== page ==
April 27, 2012

The eternal watchfulness of Chanderpaul

He waits and waits for the ball, sort of like how he has waited for a team worthy of his contributions

Exceptional cricketers come in many different forms. Sometimes that form appears to have more than its fair share of elbows.

At the crease, Shivnarine Chanderpaul is far from poetry in motion. Nothing rhymes. Nothing fits either - not even his helmet or pads. He looks like he's been constructed by a childlike deity who has put all the joints in the wrong way round. There are hinges in unexpected places and nothing seems to move properly. However, I've had plenty of time to ponder these mechanics over the years; in them lies the genius of the man.

Anyone who's seen a textbook cover drive from Monty Panesar knows there's more to batting than what you look like. If you get the middle of the bat onto the ball, that's the main thing, and no one does this more reliably than Chanderpaul. Who knows, maybe his is the perfect technique after all. Maybe they'll teach people to bat like rickety crabs in years to come.

I doubt it, though. There's a methodology behind Shiv's movements, but like with some homemade Heath Robinson-style contraption, only the designer knows the true purpose of each constituent part. All the rest of us can do is marvel that so many moving components can all come together to create something that actually works at all.

I didn't always love Shiv Chanderpaul. Perhaps it's the kind of love you feel for an old piece of furniture. You don't give it too much thought, but it's always there. You see so much of it you eventually come to wonder whether you could live without it. Look at his record and you'll see he's a man who beds in for entire series, not just for an innings.

During the 2007 Test series in England, he made at least 50 every time he came to the crease, including two unbeaten hundreds. I saw the first of those, at Old Trafford. In the fourth innings, on an increasingly devilish pitch, in a bad team, chasing 455 to win, and with Monty Panesar and Steve Harmison offering constant and contrasting threats, he never once gave up. It was frankly superhuman.

His thinking was that if someone else on his side could remain with him, his team couldn't lose. That reasoning featured one plain assumption: that he would not be dismissed. Unsurprisingly, no one else could match him and as he walked off the field at the fall of the final wicket, I remember him looking nothing other than irritated.

It had been a hopeless situation, yet Shiv had not just hoped to succeed, he had expected to do so. The line separating confidence from delusion is a thin one. Shiv had probably been on the wrong side of that line, but he stayed where he was and eventually it moved towards him, even if his team-mates couldn't help justify his position completely.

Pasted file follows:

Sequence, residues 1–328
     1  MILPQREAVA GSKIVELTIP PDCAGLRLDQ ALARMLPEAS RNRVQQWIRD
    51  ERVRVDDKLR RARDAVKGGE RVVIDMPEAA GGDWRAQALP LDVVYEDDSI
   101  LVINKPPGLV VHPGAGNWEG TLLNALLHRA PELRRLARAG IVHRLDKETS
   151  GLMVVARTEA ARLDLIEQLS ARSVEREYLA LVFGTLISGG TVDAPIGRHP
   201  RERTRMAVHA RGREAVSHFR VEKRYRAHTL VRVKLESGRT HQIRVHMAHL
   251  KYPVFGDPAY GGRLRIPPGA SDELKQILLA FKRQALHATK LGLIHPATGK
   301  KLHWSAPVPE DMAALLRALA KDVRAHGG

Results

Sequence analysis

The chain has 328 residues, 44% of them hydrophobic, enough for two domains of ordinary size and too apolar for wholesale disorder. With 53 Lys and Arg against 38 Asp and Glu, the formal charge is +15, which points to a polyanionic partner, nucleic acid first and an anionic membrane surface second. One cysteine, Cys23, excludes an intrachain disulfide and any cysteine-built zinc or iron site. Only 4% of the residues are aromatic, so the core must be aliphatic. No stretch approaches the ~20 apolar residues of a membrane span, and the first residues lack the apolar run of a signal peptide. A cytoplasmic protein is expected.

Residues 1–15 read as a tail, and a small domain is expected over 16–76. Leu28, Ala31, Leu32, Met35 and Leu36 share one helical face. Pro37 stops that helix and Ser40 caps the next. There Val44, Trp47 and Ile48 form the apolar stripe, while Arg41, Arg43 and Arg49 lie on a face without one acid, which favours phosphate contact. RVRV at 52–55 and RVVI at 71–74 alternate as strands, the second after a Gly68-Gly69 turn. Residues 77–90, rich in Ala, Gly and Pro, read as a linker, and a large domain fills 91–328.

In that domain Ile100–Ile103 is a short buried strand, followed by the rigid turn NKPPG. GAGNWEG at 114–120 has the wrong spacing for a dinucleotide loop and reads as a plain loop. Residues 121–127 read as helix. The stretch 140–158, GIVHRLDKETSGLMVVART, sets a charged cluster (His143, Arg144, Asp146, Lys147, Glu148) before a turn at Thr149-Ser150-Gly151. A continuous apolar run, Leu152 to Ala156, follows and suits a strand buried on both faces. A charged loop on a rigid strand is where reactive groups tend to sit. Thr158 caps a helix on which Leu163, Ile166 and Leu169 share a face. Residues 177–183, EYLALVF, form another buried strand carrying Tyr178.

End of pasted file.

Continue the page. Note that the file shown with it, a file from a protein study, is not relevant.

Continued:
He rocks from side to side like a dancing cockney chimneysweep as he ambles into position for each delivery, and he jabs his bat in front of him like it's a sooty brush to compound the effect

He bats in the same way. He waits. He waits for the ball. He waits for the right delivery. Wait for long enough and eventually the world will mould itself around you. Perhaps this is how he has managed to persevere with his most forlorn act of patience - the wait for a West Indies team that might profit from his brilliance.

At 37 years of age, time is against him, yet there have been a few signs recently that his waiting hasn't been in vain. Furthermore, the team's progress has been built on Shiv-like qualities. The callow swashbuckling that was a pale imitation of Brian Lara's approach to cricket has been replaced by discipline and patience. West Indies aren't conquering the world, but they're building solid foundations. They're becoming a tougher team, capable of wearing down the opposition.

That's Chanderpaul's method: erosion. Shorter formats have proven he can hit fours and sixes with surprising abandon, but that's not his modus operandi. Watching him do his thing against Australia on TV recently, I was struck by the laudatory words of Dominic Cork - or the tone of those words, at any rate. Cork is an incorrigible optimist. He is a man who plied his trade as a fast bowler even after he'd turned 40, such is his faith in his own abilities. Yet to hear him speak of Chanderpaul was to hear a defeated man; a man who had been asked the question "How do you dismiss Shivnarine Chanderpaul?" many times and who had never come up with a satisfactory answer.

It brought to mind a line from The Sopranos. Tony is talking to his therapist about his mother. He explains that despite his father being so obviously a hard man, it was his mother who was truly dominant: "My dad was tough. He ran his own crew. A guy like that, and my mother wore him down to a little nub. He was a squeaking little gerbil when he died."

Shivnarine Chanderpaul rarely murders one of his enemies, but he can subdue an entire battalion of them. He rocks from side to side like a dancing cockney chimneysweep as he ambles into position for each delivery, and he jabs his bat in front of him like it's a sooty brush to compound the effect. And he middles it.

Then he does it again. And again. And again.

Alex Bowden blogs at King Cricket

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